" I'd like to be here when it [comes] back -- I'd like to see bright new talent do really exciting things."

--Entertainment Tonight, "Star Trek" 20th Anniversary interview

"I suppose it is even possible that I'll walk into a studio or network office someday and find that the company president there is someone who once wrote 'Star Trek' a fan letter. Hey, wouldn't that be nice!"

--Gene's intro to my book, "Letters to 'Star Trek' "

"I don't cast [actors] on the basis of votes and so on. I cast what I feel. If we casted as the result of votes, Leonard Nimoy would have been out almost immediately. He was hated by most of the advertisers and station managers and so on.. .But I kept Leonard because I really felt he belonged in the ensemble. I didn't do it because of the audience then or later."

--from a conversation at La Costa, 1990

"I'm not the same man I was when I created the original 'Star Trek.' I did the best I could with that, but almost 25 years have gone by. I had the experience of seeing many science fiction shows fail. It made me even more sure that we should do a quality show."

--from a conversation at La Costa, 1990

"We always figured there would be some families aboard [the Enterprise]. But now we figured we're leaning more heavily on the families. And the reason is these galaxy class ships go out for a longer time. From the way we designed our ship for the new [Next Generation] series, they were to be out longer. And if you want people to join Starfleet, you want to take families, to have a healthy family life. I think it's a better show now because we deal with that."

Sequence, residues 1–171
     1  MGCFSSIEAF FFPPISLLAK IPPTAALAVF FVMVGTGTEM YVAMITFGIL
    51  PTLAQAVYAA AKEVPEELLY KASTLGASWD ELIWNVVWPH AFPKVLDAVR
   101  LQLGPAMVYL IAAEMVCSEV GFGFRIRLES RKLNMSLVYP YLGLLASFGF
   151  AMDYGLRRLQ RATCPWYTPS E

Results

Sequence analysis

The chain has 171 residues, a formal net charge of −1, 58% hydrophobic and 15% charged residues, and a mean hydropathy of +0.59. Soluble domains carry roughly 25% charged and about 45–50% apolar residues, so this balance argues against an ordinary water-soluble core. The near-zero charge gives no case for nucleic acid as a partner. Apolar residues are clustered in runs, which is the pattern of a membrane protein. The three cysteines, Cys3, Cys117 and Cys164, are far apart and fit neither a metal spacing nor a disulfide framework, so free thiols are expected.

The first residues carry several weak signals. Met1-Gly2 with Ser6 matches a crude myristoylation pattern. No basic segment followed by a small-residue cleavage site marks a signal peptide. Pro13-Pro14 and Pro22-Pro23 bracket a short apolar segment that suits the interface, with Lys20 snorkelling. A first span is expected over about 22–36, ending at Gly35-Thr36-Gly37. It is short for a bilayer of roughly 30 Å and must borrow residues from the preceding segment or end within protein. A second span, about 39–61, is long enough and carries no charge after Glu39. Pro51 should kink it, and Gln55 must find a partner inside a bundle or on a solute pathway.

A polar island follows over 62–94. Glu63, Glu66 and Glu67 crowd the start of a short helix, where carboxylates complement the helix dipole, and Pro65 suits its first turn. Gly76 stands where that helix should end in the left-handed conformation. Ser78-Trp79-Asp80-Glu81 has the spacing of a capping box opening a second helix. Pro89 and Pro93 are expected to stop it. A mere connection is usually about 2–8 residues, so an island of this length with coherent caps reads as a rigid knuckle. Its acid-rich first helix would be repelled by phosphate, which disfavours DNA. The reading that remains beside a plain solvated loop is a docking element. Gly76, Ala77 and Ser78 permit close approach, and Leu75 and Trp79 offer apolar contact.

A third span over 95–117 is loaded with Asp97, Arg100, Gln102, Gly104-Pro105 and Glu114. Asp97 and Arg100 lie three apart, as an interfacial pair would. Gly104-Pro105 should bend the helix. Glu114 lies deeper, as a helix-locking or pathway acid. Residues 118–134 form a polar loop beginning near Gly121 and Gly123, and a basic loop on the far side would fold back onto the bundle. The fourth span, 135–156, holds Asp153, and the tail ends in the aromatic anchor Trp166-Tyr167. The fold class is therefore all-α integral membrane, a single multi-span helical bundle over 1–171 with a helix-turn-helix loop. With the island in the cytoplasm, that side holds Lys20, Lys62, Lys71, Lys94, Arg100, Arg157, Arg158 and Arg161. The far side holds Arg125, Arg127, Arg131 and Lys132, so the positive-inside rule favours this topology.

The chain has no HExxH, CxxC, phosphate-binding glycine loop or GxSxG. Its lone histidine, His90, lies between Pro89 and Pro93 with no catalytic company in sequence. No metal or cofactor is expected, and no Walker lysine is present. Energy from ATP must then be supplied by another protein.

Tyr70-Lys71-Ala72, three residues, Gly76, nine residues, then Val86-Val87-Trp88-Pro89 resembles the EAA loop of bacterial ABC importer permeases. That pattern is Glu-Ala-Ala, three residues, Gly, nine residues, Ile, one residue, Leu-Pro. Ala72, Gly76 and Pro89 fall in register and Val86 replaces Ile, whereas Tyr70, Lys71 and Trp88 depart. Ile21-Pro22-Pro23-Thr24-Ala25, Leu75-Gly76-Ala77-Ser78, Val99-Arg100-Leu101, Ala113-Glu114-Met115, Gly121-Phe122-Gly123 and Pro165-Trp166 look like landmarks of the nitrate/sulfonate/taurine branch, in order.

--from a conversation at La Costa, 1990

"I think now the things I will look to do are things that have more of the common good in mind. I don't have to have a highly successful show. I have to comment on things now that are important, although they may not be well-paying."

--from a conversation at La Costa, 1990

"I wouldn't want to do a third generation of 'Star Trek.' I'm 'Star Trek'ed out. It has satisfied many of my needs. It satisfied my needs for respecting myself... And it gives me a good feeling that it's a body of work in my life that is worth considering

--from a conversation at La Costa, 1990

"I would like to write and create other things. I would hate to have just 'Star Trek' on my tombstone."

--from a conversation with me in the late 1970s

"My other thought at this moment brings a pleased smile. It turns out that the Trekkies have been right all along -- and on nearly everything they have tried to tell us.

-- Introduction to "The Making of 'Star Trek: The Motion Picture'"

"I'm in a period of growth and expansion. I'm taking long, hard looks at the world and what's happening in it, analyzing and thinking. I'm trying to become acquainted with the universe -- with the part of it I occupy -- and trying to settle, for myself, what my relationship with it is."

--Starlog Magazine, 1985, commenting on his never-published book, Report from Earth

"Science fiction is a beautiful game, and a beautiful experience."

-- A&E "Biography," 1994

"If I'm dead, I'll stop thinking about those things [speculating on the future], but as long as I am alive, I intend to have fun with ideas as long as possible."

-- A&E "Biography," 1994

"We have within reach, now, the attainment of almost every dream of mankind."

--on receiving his honorary Doctorate at Emerson College, Boston in the early 1970s

"Let me dream."

-- Gene's words to me in a Jacksonville hotel room, as he began to write, on assignment for Paul McCartney